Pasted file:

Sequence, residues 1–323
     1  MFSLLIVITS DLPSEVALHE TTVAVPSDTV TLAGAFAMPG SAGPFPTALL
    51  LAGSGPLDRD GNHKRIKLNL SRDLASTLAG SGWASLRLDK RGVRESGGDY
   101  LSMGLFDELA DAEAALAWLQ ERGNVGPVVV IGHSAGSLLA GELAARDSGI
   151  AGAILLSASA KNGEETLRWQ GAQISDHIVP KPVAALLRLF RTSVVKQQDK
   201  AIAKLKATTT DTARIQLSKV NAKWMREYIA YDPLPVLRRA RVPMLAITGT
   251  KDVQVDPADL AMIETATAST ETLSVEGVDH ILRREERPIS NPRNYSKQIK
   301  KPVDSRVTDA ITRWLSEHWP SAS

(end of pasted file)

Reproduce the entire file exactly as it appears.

Sequence, residues 1–323
     1  MFSLLIVITS DLPSEVALHE TTVAVPSDTV TLAGAFAMPG SAGPFPTALL
    51  LAGSGPLDRD GNHKRIKLNL SRDLASTLAG SGWASLRLDK RGVRESGGDY
   101  LSMGLFDELA DAEAALAWLQ ERGNVGPVVV IGHSAGSLLA GELAARDSGI
   151  AGAILLSASA KNGEETLRWQ GAQISDHIVP KPVAALLRLF RTSVVKQQDK
   201  AIAKLKATTT DTARIQLSKV NAKWMREYIA YDPLPVLRRA RVPMLAITGT
   251  KDVQVDPADL AMIETATAST ETLSVEGVDH ILRREERPIS NPRNYSKQIK
   301  KPVDSRVTDA ITRWLSEHWP SAS